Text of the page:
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The Canine Cancer Crisis

They are among the words you least want to hear: Your dog has cancer. But the odds are you will hear them someday, especially if you have more than one dog in your lifetime. One in four dogs get cancer; half of the dogs over 10 years of age die from or with it. Much of what is known about canine cancer closely parallels what is known about cancer in humans. Dogs are at risk of the same types of cancer afflicting humans, and treating canine cancer successfully is dependent upon the same variables found in human cancer treatment.

Holistic Treatments for Osteosarcoma in Dogs

The date was Friday the 13th, so I guess I should have expected something unpleasant to happen, but the news from our family veterinarian that our 10-year-old Belgian Shepherd had, at the most about six months to live

Special Diets for Dogs With Cancer

In the relationship between cancer and nutrition, there are few conclusive answers. The modalities of both are complex, and neither is completely understood. However, enhanced nutrition is of unquestionable benefit to any dog with cancer, and to any dog with an increased risk of developing cancer. And of the many known factors leading to canine cancer, proper nutrition is the one which dog owners can best control, enhancing a dog's overall health, and improving the body's natural defense against cancer. Those positive words must be followed with some cautions. Cancer diets often emphasize or restrict certain nutrients, in order to promote certain biochemical actions or to thwart others.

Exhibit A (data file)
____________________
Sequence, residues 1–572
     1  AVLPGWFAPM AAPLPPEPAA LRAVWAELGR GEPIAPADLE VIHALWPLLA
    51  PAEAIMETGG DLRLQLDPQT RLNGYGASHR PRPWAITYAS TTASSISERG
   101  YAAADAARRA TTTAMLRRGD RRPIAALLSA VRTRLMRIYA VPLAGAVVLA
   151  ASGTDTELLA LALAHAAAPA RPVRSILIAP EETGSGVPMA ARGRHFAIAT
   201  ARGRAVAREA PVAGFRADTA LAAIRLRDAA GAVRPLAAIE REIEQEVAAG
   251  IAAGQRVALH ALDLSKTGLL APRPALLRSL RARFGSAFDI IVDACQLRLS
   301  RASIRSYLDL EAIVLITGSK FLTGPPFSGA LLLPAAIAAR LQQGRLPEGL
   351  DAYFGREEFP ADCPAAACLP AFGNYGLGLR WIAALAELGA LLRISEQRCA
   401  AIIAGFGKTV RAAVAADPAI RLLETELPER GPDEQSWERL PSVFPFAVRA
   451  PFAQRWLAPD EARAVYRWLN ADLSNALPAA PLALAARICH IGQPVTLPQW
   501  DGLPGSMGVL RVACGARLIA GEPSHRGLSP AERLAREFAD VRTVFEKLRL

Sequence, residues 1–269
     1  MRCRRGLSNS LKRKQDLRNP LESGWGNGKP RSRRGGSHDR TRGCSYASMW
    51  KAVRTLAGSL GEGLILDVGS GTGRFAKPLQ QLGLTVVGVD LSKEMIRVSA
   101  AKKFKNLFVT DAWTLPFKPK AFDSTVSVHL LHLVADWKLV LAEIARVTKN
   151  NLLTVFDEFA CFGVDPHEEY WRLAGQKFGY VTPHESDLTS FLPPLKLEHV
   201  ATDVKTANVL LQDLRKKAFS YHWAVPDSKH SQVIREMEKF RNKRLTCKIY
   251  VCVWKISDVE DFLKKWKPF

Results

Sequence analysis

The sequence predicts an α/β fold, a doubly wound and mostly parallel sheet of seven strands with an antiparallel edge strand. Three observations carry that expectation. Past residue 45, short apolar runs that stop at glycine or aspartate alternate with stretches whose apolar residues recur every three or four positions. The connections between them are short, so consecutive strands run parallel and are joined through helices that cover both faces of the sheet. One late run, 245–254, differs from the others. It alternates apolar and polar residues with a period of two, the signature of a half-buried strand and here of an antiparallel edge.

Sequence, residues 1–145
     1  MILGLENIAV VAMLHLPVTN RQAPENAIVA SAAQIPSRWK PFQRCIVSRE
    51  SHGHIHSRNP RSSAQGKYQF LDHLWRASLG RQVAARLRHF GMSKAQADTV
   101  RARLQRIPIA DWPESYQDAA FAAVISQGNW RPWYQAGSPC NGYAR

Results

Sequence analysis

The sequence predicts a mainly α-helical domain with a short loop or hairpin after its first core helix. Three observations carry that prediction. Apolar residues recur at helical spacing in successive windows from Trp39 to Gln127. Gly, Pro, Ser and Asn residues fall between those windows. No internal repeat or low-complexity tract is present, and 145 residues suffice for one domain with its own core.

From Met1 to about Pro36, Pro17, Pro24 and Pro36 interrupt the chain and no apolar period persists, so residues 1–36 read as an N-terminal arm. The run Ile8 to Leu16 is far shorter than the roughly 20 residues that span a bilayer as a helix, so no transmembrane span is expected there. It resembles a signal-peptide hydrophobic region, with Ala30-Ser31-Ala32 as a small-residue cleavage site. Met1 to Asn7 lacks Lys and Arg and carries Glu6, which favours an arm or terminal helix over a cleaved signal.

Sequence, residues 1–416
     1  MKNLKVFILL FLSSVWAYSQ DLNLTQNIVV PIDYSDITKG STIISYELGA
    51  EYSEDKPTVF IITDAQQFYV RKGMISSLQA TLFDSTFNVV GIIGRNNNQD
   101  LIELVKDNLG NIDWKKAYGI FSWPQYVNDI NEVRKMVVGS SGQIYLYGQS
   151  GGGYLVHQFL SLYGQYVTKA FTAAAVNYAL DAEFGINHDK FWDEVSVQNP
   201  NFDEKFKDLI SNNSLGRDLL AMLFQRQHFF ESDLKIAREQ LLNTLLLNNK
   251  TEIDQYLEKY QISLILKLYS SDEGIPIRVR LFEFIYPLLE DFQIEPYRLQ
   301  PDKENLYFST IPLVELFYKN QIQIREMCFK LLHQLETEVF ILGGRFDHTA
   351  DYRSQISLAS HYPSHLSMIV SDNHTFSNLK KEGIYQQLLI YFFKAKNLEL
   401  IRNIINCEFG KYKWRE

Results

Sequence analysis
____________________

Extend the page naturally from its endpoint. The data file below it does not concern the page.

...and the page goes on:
Five Steps To a Fit Dog

Everyone knows that there are many different ways that each of us can become healthier. We know that we can change our diets, systems of medicine, exercise plans, and environment in order to improve our physical, mental, emotional, and spiritual well-being. We’re aware that what works for our sister or co-worker may not work for us. At times, we may have to work a little in order to find our own solutions to health problems.

Cancer Treatments for Dogs

In conventional veterinary medicine, cancer treatments consist primarily of surgery, chemotherapy, and radiation. While research in these areas has brought significant advances, the overall picture is discouraging; cancer death rates are largely unchanged. While many canine cancers are treated successfully when diagnosed early, more often the therapies, conventional or holistic, simply buy some additional time for the animal. In standard canine treatment protocols, a 12-month remission is considered a cure." While a year of dog's life is a relatively long time

Traditional Veterinary Medicine Mixed With Holistic Treatments

For Star, an eight-year-old Springer Spaniel cross, life hasn't always been easy. But thanks to treatments by Pedro Rivera, DVM, of The Healing Oasis Veterinary Hospital in Stutevant, Wisconsin, Star's life glimmers again. In addition to traditional veterinary medicine, Dr. Rivera often treats his animal clients with chiropractic, homeopathic and Chinese remedies, and glandular therapy.

Cancer Treatments, Dental Care, and Human-Grade Food